In order for a sound to be transmitted to the central nervous system, the energy of the sound undergoes three transformations. First, the air vibrations are converted to vibrations of the tympanic membrane and ossicles of the middle ear. These in turn become vibrations in the fluid within the cochlea. Finally, the fluid vibrations set up traveling waves along the basilar membrane that stimulate the hair cells of the organ of Corti. These cells convert the sound vibrations to nerve impulses in the fibres of the cochlear nerve, which transmits them to the brainstem, from which they are relayed, after extensive processing, to the primary auditory area of the cerebral cortex, the ultimate centre of the brain for hearing.

xxxx, xxxx et.al

Only when the nerve impulses reach this area does the listener become aware of the sound mechanism of hearing; human earThe mechanism of hearing. Sound waves enter the outer ear and travel through the external auditory canal until they reach the tympanic membrane, causing the membrane and the attached chain of auditory ossicles to vibrate. The motion of the stapes against the oval window sets up waves in the fluids of the cochlea, causing the basilar membrane to vibrate. This stimulates the sensory cells of the organ of Corti, atop the basilar membrane, to send nerve impulses to the brain.

xxxx, xxxx et.al

Encyclopædia Britannica, Inc.
Transmission of sound waves through the outer and middle ear
Transmission of sound by air conduction

The outer ear directs sound waves from the external environment to the tympanic membrane. The auricle, the visible portion of the outer ear, collects sound waves and, with the concha, the cavity at the entrance to the external auditory canal, helps to funnel sound into the canal. Because of its small size and virtual immobility, the auricle in humans is less useful in sound gathering and direction finding than it is in many animals. The canal helps to enhance the amount of sound that reaches the tympanic membrane. This resonance enhancement works only for sounds of relatively short wavelength—those in the frequency range between 2,000 and 7,000 hertz—which helps to determine the frequencies to which the ear is most sensitive, those important for distinguishing the sounds of consonants.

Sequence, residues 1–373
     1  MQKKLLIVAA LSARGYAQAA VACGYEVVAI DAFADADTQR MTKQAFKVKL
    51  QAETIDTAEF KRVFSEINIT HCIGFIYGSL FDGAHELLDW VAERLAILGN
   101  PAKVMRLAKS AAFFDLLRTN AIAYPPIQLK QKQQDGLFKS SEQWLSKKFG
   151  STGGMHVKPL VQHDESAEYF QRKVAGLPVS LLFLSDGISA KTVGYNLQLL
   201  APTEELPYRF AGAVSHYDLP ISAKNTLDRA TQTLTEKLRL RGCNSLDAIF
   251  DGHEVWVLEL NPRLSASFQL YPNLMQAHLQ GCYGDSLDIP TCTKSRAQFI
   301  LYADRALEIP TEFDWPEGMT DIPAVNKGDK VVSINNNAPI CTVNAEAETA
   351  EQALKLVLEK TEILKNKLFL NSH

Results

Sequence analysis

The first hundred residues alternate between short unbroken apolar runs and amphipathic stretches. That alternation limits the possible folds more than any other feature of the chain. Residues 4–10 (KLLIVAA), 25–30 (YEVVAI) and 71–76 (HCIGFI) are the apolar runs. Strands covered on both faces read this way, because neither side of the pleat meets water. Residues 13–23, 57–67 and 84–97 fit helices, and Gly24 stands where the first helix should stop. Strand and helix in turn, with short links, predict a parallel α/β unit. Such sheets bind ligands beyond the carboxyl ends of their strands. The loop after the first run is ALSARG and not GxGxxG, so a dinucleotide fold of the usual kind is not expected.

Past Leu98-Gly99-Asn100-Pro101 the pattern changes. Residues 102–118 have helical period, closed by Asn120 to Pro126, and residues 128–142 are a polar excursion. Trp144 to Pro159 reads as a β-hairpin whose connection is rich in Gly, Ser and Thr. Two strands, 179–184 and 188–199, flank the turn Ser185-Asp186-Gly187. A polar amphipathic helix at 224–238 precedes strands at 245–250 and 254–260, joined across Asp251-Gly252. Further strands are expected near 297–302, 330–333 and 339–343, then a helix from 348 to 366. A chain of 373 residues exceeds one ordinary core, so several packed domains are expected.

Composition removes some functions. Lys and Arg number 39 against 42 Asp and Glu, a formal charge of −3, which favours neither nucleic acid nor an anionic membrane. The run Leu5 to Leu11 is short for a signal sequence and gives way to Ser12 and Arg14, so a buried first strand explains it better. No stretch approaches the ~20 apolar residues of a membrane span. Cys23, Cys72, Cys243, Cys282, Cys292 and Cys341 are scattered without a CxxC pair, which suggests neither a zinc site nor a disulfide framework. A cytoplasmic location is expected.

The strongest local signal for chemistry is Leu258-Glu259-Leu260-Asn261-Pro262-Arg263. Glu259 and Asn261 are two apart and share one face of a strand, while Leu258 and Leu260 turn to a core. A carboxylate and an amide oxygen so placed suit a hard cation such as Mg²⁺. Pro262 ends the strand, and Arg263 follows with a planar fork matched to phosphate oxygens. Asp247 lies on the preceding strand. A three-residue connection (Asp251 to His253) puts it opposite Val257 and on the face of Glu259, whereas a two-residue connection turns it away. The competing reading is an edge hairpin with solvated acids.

Sounds reaching the tympanic membrane are in part reflected and in part absorbed. Only absorbed sound sets the membrane in motion. The tendency of the ear to oppose the passage of sound is called acoustic impedance. The magnitude of the impedance depends on the mass and stiffness of the membrane and the ossicular chain and on the frictional resistance they offer.
When the tympanic membrane absorbs sound waves, its central portion, the umbo, vibrates as a stiff cone, bending inward and outward. The greater the force of the sound waves, the greater the deflection of the membrane and the louder the sound. The higher the frequency of a sound, the faster the membrane vibrates and the higher the pitch of the sound is. The motion of the membrane is transferred to the handle of the malleus, the tip of which is attached at the umbo. At higher frequencies the motion of the membrane is no longer simple, and transmission to the malleus may be somewhat less
The malleus and incus are suspended by small elastic ligaments and are finely balanced, with their masses evenly distributed above and below their common axis of rotation. The head of the malleus and the body of the incus are tightly bound together, with the result that they move as a unit in unison with the tympanic membrane. At moderate sound pressures, the vibrations are passed on to the stapes, and the whole ossicular chain moves as a single mass. However, there may be considerable freedom of motion and some loss of energy at the joint between the incus and the stapes because of their relatively loose coupling. The stapes does not move in and out but rocks back and forth about the lower pole of its footplate, which impinges on the membrane covering the oval window in the bony plate of the inner ear. The action of the stapes transmits the sound waves to the perilymph of the vestibule and the scala vestibuli.